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Ed Werder, who has covered the NFL for 34 years, including 20 at ESPN, has been selected as the 2017 Dick McCann Award winner by the Professional Football Writers of America (PFWA).

Werder, the 49th McCann Award winner, is the fourth former or current member of ESPN or ESPN.com to receive the honor from the PFWA, joining John Clayton (2007), Len Pasquarelli (2008) and Chris Mortensen (2016).

The McCann Award is given to a reporter who has made a long and distinguished contribution to pro football through coverage. The award is named for McCann, who was the first director of the Pro Football Hall of Fame (1962-67). McCann was a longtime reporter in New York with several newspapers, the Newspaper Enterprise Association and King Features Syndicate. After a stint in the Navy in World War II, he was a sports columnist for the Washington Times-Herald in 1945. A year later, he joined the Washington Redskins as publicity director and was the club’s general manager from 1947-62 before taking the job with the Hall of Fame before its’ 1963 opening.

Other 2017 nominees for the McCann Award were Ron Borges (Boston Herald), Vinny DiTrani (Bergen Record; retired), Jeff Legwold (ESPN.com) and Adam Schefter (ESPN.com).

During his time at ESPN from 1998-2017, Werder appeared weekly on NFL Insiders, NFL Live and SportsCenter as an NFL Insider. He also covered games each week of the NFL season and contributed to Sunday NFL Countdown and Monday Night Countdown. An annual contributor to ESPN’s coverage of the NFL Draft and the Super Bowl, Werder originally joined ESPN as a Dallas-based bureau reporter in September 1998.

Prior to ESPN, he was the NFL reporter for CNNSI, CNN’s Sports Tonight and CNN’s Sunday NFL Preview, providing weekly NFL game coverage, as well as the NFC Championship games in 1997 and 1998 and Super Bowls XXXI and XXXII. Werder also covered the 1998 Final Four and Major League Baseball’s 1996 National League Championship Series.

A native of Longmont, Colo., Werder’s extensive background in print journalism includes stints with the Dallas Morning News (1992-96) and Fort Worth Star-Telegram (1989) covering the Dallas Cowboys. He also worked as an NFL beat writer for the Orlando Sentinel in 1991 and served as a Denver Broncos beat writer for the Boulder (Colo.) Daily Camera from 1984-89. Werder was an NFL reporter for The National (1990-91) and a correspondent for Sports Illustrated (1987-95).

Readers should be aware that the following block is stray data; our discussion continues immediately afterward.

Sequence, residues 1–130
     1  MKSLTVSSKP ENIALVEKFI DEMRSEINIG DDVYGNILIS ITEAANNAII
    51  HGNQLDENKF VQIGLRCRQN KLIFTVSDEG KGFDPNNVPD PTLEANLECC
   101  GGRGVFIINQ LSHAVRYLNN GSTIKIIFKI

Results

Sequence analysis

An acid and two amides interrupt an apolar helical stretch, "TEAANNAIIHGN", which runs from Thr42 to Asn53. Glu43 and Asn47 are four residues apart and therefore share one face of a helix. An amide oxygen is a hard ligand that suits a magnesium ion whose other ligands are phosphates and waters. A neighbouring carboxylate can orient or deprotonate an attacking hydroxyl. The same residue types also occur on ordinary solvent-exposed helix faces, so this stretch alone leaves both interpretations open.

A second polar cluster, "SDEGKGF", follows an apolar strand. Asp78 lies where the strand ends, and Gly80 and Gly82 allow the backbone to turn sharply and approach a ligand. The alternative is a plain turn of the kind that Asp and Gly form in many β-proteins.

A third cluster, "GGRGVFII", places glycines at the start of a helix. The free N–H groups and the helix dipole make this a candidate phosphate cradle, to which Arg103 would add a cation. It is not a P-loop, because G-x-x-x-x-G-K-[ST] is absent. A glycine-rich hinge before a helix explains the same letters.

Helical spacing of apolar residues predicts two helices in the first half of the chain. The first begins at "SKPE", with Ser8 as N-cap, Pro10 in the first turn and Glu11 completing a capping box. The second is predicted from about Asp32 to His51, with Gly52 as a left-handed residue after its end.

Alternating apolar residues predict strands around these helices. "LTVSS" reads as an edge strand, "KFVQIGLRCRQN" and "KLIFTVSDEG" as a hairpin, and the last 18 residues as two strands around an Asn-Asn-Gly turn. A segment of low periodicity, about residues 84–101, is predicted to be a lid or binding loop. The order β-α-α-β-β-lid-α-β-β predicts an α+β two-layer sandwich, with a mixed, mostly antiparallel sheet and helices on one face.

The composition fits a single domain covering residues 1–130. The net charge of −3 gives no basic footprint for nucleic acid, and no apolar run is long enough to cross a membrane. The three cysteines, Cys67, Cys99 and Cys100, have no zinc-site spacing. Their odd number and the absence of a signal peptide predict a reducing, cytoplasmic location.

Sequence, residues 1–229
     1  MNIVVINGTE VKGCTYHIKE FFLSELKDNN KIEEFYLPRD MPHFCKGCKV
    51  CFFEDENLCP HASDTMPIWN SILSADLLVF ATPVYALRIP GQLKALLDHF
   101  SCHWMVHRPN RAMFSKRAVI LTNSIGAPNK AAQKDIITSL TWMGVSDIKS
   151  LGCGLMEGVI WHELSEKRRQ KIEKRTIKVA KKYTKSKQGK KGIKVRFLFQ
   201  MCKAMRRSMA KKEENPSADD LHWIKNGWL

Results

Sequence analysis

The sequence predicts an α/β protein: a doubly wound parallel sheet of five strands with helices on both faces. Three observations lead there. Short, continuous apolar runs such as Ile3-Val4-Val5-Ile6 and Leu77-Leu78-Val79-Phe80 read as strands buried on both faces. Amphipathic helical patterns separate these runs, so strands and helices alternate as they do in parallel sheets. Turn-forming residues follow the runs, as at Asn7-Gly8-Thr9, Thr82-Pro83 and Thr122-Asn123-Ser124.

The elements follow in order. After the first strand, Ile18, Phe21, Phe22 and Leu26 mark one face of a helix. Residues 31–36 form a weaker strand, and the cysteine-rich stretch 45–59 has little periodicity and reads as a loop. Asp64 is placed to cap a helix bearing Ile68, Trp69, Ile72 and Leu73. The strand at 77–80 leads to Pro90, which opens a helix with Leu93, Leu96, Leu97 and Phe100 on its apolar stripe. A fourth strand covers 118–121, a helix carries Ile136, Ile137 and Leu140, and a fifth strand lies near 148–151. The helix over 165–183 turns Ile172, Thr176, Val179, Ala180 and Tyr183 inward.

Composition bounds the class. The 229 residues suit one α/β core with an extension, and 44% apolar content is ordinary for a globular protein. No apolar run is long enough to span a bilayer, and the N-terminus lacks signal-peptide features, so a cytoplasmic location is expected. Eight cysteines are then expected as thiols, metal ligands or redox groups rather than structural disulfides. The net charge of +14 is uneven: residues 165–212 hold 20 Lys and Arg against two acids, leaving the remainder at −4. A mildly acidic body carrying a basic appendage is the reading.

At the Dallas Morning News, he won an award for a series of reports chronicling the deteriorating relationship between Dallas Cowboys owner Jerry Jones and then-head coach Jimmy Johnson. He broke the news that Johnson would be replaced by Barry Switzer as the Cowboys coach after Johnson had rebuilt the team and won back-to-back Super Bowls. Werder is also credited for breaking news about rising problems in the Cowboys locker room in 2008, concerning wide receiver Terrell Owens and culminated in his release from the organization.

Werder graduated with a degree in journalism and communications from the University of Northern Colorado in Greeley in 1982.

"I've had the privilege of working with Ed for some 20 years dating back to the The National and most recently with ESPN. I just know that whatever and wherever Ed was assigned, we had it covered. That's always a good feeling," said ESPN’s Chris Mortensen, the PFWA’s 2016 McCann Award winner.

"He represents the journalistic model in which every dogged reporter methodically turns over every stone in pursuit of the facts,” Mortensen continued. "He cultivates good relationships because it's part of his fiber and necessary to the job, and he understands his responsibility to those who depend upon his work for insight and information. He loves journalism, and he loves covering the NFL, exceeded only by his love of family. I'm reasonably certain these are the things that motivate Ed."

Werder will be honored during the 2017 Pro Football Hall of Fame Enshrinement Ceremony on August 5 in Canton, Ohio.


2016 - Chris Mortensen, ESPN
2015 - Dave Goldberg, Associated Press
2014 - Ed Bouchette, Pittsburgh Post-Gazette
2013 - Dan Pompei, Chicago Tribune
2012 - Tom Kowalski, MLive.com
2011 - Bob McGinn, Milwaukee Journal Sentinel
2010 - Peter Finney, New Orleans Times-Picayune
2009 - Peter King, Sports Illustrated
2008 - Len Pasquarelli, ESPN.com
2007 - John Clayton, ESPN/ESPN.com
2006 - John McClain, Houston Chronicle
2005 - Jerry Green, Detroit News
2004 - Rick Gosselin, Dallas Morning News
2003 - Joel Buchsbaum, Pro Football Weekly
2002 - Edwin Pope, Miami Herald
2001 - Len Shapiro, Washington Post
2000 - Tom McEwen, Tampa Tribune
1999 - Art Spander, Oakland Tribune
1998 - Dave Anderson, New York Times
1997 - Bob Roesler, New Orleans Times-Picayune
1996 - Paul Zimmerman, Sports Illustrated
1995 - Ray Didinger, Philadelphia Daily News
1994 - Don Pierson, Chicago Tribune
1993 - Ira Miller, San Francisco Chronicle
1992 - Frank Luksa, Dallas Morning News
1991 - Dick Connor, Denver Post
1990 - Will McDonough, Boston Globe
1989 - Vito Stellino, Baltimore Sun
1988 - Gordon Forbes, USA Today
1987 - Jerry Magee, San Diego Union
1986 - Bill Wallace, New York Times
1985 - Cooper Rollow - Chicago Tribune
1984 - Larry Felser, Buffalo News
1983 - Hugh Brown, Philadelphia Bulletin
1982 - Cameron Snyder, Baltimore Morning Sun
1981 - Norm Miller, New York Daily News
1980 - Chuck Heaton, Cleveland Plain Dealer
1979 - Pat Livingston, Pittsburgh Press
1978 - Murray Olderman, Newspaper Enterprise Assoc.
1977 - Art Daley, Green Bay Press-Gazette
1976 - Jack Hand, Associated Press
1975 - John Steadman, Baltimore News-American
1974 - Bob Oates, Los Angeles Times
1973 - Dave Brady, Washington Post
1972 - Lewis Atchison, Washington Star
1971 - Joe King, New York World-Telegram and Sun
1970 - Arthur Daley, New York Times
1969 - George Strickler, Chicago Tribune

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